Sure. I could talk for hours on this so I’ll try and keep it short and free for the sake of the podcast but and no this is fantastic reporting from our Brazil based correspondence Fabio Tecsela as essentially in a nutshell, you know, we were talking at the start of 2019, about industries to keep an eye on, industries that are known to be particularly affected by labor exploitation, and modern slavery. And we talked a lot about coffee. And Fabio started putting some feelers out with contacts and he’s got really good connections with labor, prosecutors and inspectors across Brazil. And he got invited on a raid on coffee plantations today and suspected were being propped up by slave labor. And he went on this raid that 69 workers were rescued in really poor conditions. They’re all undocumented, underpaid, lacking safety equipment as required by law, so severe breaches of Brasilian labor law and the story in a way spiraled from there because when he was they found out that those plantations had been supplying to Starbucks and Nespresso and it was also certified by the Rain Forest Alliance. So then we thought okay, this this is interesting. We have something to work with here because obviously there are concerns about the effectiveness of these third party certification schemes. You’ve got major brands here. So let’s let’s dive in and let’s try and show why the slave labor is so prevalent it is going unchecked. Despite the money involved despite the brands and the certifiers involved in and through building sources and getting exclusively obtained data, analyzing public records, speaking to so many officials, we basically just showed there are so many farms being probed in Minas Gerais, the main coffee producing state and being found to have used slave labor. But the Brazilian inspectors are really struggling because they’re so understaffed because they’re really underfunded, because under Jair Bolsonaro the labor ministry has been shackled, you know, there’s less of an appetite now under this current government to tackle the crime but at the same time, the industry is growing and growing and growing as the world’s largest coffee exporter, you know, So many of our exports are going to the US, you know, major brands, they’re certified to death. But if you don’t have of course in this case the adequate oversight from from the government You can’t expect the private sector really to be comprehensively you know, rooting out slave labor so I think I was probably a proud of the story because it was such a comprehensive deep dive and it really showed quite a unique snapshot in the failings of such a major supply chain and again the issues with brand’s abilitiy to oversee their supply chains and even they certified themselves in a Rain Forest Alliance said in response to reporting they were considering changing the way they audit farms because administrators to have this set up by their group certification, so they certify a whole cooperative of 90 to 100 Farms is slavery free. You know, as workers rights being respected, even though only visit 10, which you know, the limitations there are stark or obvious.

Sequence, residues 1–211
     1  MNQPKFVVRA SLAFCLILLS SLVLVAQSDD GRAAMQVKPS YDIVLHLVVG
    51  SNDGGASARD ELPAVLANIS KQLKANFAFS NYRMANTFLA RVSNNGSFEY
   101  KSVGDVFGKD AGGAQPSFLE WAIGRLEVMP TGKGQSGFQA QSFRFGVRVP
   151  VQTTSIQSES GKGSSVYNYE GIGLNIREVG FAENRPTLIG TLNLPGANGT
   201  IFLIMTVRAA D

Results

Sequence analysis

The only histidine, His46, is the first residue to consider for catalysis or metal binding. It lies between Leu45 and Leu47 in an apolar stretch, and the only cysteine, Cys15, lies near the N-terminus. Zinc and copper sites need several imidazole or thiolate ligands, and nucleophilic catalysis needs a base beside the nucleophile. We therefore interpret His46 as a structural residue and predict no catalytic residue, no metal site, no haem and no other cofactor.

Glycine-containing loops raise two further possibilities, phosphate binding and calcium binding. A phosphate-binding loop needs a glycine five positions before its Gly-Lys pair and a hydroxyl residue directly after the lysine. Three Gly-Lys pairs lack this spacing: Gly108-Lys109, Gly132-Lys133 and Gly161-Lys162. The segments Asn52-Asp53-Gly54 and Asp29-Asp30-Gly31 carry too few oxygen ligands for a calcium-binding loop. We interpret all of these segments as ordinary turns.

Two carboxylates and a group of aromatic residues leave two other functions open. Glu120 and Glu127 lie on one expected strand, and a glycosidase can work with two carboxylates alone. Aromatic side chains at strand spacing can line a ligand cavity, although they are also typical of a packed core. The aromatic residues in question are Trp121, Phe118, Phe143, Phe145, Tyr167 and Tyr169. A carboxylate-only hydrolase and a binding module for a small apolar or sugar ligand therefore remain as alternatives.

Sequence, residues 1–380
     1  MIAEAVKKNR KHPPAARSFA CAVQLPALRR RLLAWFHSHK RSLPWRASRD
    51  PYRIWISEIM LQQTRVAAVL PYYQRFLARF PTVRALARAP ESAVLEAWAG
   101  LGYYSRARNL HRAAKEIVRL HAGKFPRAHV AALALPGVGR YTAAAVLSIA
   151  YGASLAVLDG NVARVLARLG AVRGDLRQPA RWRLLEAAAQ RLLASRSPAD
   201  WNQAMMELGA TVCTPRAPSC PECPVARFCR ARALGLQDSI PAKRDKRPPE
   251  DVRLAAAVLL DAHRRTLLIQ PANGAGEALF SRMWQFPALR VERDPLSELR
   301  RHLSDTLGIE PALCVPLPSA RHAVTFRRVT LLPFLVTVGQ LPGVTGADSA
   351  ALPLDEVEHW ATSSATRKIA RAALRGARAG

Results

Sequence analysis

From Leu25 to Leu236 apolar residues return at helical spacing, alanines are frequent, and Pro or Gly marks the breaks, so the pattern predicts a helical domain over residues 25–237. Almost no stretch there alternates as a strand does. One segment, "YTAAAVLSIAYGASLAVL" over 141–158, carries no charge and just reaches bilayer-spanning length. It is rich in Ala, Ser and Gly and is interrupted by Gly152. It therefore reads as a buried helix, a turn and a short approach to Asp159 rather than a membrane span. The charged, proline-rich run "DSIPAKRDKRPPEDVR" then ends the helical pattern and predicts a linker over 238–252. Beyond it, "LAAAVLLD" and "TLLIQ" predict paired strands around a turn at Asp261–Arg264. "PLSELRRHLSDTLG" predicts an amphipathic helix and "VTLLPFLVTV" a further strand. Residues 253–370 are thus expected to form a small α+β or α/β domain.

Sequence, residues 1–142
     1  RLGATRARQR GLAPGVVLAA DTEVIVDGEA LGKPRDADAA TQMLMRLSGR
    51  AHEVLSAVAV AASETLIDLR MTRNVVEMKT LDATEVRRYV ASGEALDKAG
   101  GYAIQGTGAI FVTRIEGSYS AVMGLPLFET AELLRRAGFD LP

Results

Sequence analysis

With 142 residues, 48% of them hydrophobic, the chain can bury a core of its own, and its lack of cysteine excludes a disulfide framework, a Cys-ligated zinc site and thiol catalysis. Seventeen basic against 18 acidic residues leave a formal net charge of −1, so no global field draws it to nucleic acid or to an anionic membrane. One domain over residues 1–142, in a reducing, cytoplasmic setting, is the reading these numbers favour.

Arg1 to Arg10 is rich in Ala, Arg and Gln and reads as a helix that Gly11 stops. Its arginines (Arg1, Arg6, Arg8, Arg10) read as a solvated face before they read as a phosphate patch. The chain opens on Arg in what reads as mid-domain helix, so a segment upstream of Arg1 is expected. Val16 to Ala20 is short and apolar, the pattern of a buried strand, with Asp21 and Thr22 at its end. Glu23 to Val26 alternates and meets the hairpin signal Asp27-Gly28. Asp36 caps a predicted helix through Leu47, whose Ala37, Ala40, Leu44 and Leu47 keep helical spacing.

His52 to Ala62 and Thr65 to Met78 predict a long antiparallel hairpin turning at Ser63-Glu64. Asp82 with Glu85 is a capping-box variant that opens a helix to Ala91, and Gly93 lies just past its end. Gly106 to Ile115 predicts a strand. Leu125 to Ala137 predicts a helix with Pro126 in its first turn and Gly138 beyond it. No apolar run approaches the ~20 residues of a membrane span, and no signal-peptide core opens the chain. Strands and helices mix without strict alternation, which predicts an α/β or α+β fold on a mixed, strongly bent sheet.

TINA:

I’m going to switch over to another topic because I know we could talk to talk about this for much longer. But unfortunately, we don’t have that time. So our listeners can also go and read up on the story if they want to look at the reporting of that particular Brasil case, but Thomson Reuters handles and also have other initiative that is aimed at reducing modern slavery. And first of all, you have something called the Bank Alliance Project. And can you tell me a little bit about this project and what the thought behind this is?

KIERAN: